THE FCCJ IS BACK IN THE NEWS, HELPING KICK OFF a media storm on the Designated Secrets Protection Bill. Opposition had been mounting when Abe’s Cabinet approved the controversial bill on Oct. 25. When Lower House deliberations began on Nov. 7, the FCCJ’s Freedom of Information Committee had already consulted with me on a statement opposing the bill. Approval from the Board of Directors followed. We opted for the morning of Monday Nov. 11 to inform our members and issue a statement to the leading political parties and media outlets. Sincere apologies to our members, who were informed later in the day.

It was an official press holiday but the news spread quickly on the web thanks to Ayako Mie’s piece in The Japan Times.

Following on our heels came a remarkable photo of eight prominent Japanese TV newscasters holding a large banner opposing the secrecy bill at the Japan National Press Club (in the Mainichi Shimbun).

As I write, articles from other news outlets that followed include: NHK, Kyodo News, Global Post, Jiji Press, Xinhua, Nuclear News, Free Press Association, Akahata, Nikkan Gendai, Daily NoBorder, L’Opinion and Asahi Shimbun. Interview requests came from Fuji TV, Kyodo News, and even Hokkaido Shimbun. In addition, Yukihisa Fujita of the DPJ introduced the FCCJ protest during the House of Councillors debate on the bill and repeatedly suggested that Minister Masako Mori should meet with us.

Obviously not everyone was pleased with our statement. We were visited by a representative from one leading party who questioned the statement’s language. I also heard from members who disagreed with the statement and felt it was inappropriate to issue it as the Club is an organization claiming political impartiality.

Historically, the FCCJ has remained neutral on controversial issues, but we cannot stay silent regarding actions that affect the freedom of the press. Another example was in May 2002, when FCCJ president Kaz Abiko issued a statement, with the consent of the Board of Directors, opposing the personal information protection bill (kojin joho hogo hoan) that was being discussed at the Diet. The statement said that it would pose a serious threat to press freedom, and provide the government with means to put pressure on news organizations.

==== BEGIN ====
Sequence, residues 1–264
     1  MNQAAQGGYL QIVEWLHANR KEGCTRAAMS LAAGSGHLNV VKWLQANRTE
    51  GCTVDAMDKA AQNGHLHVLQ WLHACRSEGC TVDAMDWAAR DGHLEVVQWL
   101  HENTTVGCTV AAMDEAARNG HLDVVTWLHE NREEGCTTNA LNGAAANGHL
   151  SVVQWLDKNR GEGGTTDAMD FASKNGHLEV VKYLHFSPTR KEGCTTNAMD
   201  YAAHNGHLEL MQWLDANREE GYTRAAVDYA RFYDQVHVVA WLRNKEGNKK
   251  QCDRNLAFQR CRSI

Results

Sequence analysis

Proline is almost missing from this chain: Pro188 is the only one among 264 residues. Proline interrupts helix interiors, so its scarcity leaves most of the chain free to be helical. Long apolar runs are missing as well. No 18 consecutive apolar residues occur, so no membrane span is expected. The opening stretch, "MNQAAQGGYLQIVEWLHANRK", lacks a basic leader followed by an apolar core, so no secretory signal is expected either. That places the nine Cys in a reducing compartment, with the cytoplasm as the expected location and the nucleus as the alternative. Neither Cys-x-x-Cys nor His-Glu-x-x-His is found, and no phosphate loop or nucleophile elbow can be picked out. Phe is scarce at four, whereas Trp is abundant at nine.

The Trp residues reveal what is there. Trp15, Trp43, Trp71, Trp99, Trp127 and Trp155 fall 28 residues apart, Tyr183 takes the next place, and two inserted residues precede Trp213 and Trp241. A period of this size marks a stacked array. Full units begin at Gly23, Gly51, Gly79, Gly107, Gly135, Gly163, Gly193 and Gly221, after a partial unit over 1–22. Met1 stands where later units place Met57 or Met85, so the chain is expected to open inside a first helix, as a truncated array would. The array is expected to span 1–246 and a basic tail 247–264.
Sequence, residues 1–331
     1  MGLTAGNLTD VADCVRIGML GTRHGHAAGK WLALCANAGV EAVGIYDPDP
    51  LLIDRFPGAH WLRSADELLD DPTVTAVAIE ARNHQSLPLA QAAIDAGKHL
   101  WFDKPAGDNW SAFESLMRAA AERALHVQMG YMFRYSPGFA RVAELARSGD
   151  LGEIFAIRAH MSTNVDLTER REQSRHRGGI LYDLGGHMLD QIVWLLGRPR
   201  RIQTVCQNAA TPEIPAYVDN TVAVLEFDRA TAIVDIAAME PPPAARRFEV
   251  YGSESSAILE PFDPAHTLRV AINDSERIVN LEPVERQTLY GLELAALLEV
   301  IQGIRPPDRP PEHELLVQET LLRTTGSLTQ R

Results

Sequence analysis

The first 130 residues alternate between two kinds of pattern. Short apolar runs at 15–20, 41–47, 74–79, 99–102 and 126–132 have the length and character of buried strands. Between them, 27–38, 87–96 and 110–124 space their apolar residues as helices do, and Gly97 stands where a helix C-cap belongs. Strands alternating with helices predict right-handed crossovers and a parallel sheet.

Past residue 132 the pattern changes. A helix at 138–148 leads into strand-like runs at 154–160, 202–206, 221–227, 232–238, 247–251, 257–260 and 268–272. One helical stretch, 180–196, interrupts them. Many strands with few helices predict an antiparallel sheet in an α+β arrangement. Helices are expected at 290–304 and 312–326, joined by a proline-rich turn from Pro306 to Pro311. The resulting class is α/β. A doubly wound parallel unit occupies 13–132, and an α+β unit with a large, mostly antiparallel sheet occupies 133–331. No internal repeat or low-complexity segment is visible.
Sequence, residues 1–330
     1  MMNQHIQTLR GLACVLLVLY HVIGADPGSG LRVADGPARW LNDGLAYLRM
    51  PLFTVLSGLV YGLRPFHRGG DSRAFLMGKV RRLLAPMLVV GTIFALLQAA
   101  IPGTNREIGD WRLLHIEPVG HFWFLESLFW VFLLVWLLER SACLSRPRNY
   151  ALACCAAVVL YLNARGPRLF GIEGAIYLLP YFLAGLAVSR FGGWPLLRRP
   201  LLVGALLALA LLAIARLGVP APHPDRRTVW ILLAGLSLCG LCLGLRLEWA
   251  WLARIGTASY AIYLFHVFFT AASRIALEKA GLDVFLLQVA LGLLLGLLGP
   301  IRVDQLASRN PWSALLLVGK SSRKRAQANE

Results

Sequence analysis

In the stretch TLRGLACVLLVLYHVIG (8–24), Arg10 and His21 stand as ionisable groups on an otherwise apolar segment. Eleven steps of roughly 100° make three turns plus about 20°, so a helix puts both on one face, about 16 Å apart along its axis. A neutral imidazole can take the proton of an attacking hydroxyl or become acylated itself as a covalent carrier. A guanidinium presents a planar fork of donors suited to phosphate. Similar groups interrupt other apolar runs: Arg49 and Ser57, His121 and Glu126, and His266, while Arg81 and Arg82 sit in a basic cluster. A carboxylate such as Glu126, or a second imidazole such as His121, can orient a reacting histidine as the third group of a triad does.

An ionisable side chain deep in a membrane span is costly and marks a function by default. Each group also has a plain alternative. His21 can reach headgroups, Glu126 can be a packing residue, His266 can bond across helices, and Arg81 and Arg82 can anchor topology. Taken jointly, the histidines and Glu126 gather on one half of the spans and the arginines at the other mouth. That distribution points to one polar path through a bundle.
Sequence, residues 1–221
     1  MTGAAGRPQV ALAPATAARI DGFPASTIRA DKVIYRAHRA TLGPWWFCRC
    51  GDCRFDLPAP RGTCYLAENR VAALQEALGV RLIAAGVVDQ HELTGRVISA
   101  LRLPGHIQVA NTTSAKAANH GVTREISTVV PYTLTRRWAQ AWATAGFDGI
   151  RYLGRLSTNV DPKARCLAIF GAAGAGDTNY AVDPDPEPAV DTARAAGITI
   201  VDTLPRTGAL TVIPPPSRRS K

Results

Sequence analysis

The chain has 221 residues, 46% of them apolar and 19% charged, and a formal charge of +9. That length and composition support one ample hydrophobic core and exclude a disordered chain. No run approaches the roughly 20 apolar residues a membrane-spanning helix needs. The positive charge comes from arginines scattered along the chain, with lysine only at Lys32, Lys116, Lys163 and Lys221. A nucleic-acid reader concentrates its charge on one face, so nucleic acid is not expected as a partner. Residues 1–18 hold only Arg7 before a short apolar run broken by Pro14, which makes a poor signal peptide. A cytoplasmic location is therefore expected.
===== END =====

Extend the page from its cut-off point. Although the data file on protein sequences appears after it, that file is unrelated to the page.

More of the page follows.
Unfortunately, as we go to press, the bill was pushed through the Lower House and is likely to make its way through the Upper House.

In other, more positive Club news, we’re very excited to announce our new series of breakfast talks with business leaders and journalists called “Asakai,” on the first Tuesday of every month (with some exceptions) from 7:30- 8:45am. The first Asakai is scheduled for Dec. 3, with former Sony chairman and CEO Nobuyuki Idei, who now runs the management consultancy Quantum Leaps Corp., and NPO Asia Innovators’ Initiative. Our Jan. 14 Asakai will feature the popular Bloomberg journalist William Pesek, well known for his widely published columns on economics, markets and politics. We’ll put the speaker schedule up on the website soon.

Finally, just a few words about former Newsweek Tokyo Bureau reporter and FCCJ member Jeanne Sather who passed away on Nov. 11. I first met Jeanne in the early 1980s when she kindly assigned me to shoot several of her stories, despite my obvious inexperience at the time. We became fast friends and remained in touch all these years. Jeanne remained the quintessential journalist even during her 15 year cancer battle. Even in passing, Jeanne will remain an inspiration for so many of us.

— Lucy Birmingham

There is a list of links mentioned in this column at the end of my message on the website (